with Thomas Epper (University of St. Gallen) and Julien Senn (University of Zurich)
For questions, please contact Shayne Trotman (firstname.lastname@example.org)
Increasing inequality in advanced capitalist countries has set redistributive policy measures again on the political agenda. Yet, the determinants of people’s political support for redistributive policies are still not well understood. Here, we take advantage of Swiss direct democracy in examining this question. Switzerland experienced four broadly and controversially discussed redistributive referenda over the last 10 years that – if accepted by the majority – would have led to substantial redistribution of economic benefits and tax burdens. We measure and behaviorally validate people’s policy preferences for the proposed measures in a broad sample of the population and link it to people’s experimentally elicited social preferences. We characterize the distribution of social preferences with a non-parametric Bayesian Classifier that identifies three distinct groups: (i) a large group of inequality averse people. (ii) a somewhat smaller yet still large group of people with a concern for the worse off and (iii) a group of primarily selfish individuals. Controlling for the other major determinants of support for redistribution – such as current and expected future income, perceived inequality, social mobility and sources of individual success, or trust in the government – we document that social preferences play a major role for redistributive voting. Inequality aversion, in particular, has a large and robust effect that is particularly pronounced in referenda that – if supported by a majority – would substantially decrease the income of the rich through taxation or other forms of regulation.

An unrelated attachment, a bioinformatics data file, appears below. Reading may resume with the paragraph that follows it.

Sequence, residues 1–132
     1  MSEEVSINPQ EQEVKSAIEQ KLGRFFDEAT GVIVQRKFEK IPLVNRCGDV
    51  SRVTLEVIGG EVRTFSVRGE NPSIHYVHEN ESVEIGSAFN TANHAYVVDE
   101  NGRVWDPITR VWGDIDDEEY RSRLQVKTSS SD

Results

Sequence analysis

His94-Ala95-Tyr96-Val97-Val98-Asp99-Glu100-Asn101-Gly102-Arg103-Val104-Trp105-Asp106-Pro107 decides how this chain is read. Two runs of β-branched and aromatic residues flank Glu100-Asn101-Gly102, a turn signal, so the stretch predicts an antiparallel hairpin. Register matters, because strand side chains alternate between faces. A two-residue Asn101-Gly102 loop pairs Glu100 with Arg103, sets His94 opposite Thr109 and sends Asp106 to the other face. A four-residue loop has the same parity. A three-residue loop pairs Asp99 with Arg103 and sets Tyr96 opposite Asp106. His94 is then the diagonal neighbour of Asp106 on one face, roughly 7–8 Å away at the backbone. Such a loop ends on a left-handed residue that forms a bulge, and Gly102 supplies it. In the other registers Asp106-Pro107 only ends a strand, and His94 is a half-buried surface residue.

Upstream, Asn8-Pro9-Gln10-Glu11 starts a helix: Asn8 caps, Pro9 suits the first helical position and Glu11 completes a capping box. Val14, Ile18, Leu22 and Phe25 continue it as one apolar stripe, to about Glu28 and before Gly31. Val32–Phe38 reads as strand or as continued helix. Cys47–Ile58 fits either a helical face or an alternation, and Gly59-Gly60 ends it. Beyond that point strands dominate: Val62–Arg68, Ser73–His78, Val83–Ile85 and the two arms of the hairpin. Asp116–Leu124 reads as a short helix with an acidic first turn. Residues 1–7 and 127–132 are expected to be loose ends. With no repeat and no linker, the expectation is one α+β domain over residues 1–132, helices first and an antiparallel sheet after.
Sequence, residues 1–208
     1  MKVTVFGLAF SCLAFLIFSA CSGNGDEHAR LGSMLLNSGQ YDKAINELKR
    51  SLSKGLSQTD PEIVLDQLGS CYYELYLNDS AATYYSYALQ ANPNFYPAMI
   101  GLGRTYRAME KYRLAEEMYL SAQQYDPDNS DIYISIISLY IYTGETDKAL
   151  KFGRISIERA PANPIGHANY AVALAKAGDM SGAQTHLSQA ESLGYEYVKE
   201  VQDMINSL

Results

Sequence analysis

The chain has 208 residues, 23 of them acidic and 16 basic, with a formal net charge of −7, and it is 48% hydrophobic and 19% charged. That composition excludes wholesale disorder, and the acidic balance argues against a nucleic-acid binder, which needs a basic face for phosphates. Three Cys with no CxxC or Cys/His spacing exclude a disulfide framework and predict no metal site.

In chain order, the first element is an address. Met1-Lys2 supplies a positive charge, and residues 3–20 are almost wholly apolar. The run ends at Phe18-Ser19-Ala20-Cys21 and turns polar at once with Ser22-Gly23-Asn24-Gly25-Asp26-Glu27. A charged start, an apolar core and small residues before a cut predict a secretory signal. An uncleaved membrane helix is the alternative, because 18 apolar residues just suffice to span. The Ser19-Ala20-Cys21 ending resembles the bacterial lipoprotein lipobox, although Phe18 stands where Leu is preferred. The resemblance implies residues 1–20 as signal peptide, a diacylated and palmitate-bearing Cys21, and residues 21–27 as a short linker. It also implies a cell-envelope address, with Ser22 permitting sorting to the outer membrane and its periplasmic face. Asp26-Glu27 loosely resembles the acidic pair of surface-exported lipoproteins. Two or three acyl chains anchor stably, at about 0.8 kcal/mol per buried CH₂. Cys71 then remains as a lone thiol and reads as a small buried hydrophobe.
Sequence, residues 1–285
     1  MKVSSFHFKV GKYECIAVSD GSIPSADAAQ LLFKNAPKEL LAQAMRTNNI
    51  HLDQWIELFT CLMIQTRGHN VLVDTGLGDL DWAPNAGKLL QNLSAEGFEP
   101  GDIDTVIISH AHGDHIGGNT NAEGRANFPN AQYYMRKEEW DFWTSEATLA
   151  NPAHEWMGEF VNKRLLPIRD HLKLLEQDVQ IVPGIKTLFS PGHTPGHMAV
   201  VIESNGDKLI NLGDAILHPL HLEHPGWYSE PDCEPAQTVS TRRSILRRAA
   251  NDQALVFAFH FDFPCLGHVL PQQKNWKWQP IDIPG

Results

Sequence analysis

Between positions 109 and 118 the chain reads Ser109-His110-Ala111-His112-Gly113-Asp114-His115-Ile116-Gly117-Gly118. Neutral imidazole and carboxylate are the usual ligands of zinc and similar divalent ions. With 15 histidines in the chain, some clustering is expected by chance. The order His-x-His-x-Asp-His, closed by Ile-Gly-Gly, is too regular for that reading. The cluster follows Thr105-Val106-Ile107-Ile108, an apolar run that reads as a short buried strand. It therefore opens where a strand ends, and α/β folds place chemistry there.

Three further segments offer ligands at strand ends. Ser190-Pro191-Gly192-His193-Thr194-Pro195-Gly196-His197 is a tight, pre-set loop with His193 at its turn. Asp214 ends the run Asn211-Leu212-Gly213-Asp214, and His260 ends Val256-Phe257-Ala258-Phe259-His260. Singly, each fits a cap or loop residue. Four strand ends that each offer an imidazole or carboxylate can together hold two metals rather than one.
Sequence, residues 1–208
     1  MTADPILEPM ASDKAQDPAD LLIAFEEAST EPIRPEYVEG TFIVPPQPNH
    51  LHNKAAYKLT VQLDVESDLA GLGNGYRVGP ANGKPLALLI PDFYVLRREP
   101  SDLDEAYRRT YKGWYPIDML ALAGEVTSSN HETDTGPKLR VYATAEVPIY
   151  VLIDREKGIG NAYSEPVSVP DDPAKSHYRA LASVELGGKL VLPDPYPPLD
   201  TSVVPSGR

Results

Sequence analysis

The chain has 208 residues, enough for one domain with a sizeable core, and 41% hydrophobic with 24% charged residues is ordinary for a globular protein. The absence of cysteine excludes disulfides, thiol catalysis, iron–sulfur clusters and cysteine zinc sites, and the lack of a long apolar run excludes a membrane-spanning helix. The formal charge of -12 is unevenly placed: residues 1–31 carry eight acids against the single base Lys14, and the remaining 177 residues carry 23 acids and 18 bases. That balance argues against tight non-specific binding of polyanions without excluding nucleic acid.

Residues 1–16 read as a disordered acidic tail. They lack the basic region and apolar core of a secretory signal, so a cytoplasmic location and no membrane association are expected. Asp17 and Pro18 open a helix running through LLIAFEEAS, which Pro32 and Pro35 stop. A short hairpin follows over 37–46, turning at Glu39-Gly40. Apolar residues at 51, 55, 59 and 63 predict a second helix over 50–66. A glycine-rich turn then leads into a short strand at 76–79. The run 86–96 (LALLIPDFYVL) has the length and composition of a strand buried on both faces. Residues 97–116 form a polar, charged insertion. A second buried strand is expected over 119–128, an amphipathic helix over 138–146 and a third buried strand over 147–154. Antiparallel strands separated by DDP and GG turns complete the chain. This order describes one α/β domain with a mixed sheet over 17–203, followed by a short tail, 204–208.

(Lunch will be served during the seminar)
See https://wp.nyu.edu/cess/seminars/fall-2019/ for more information and the full list of seminars for the semester.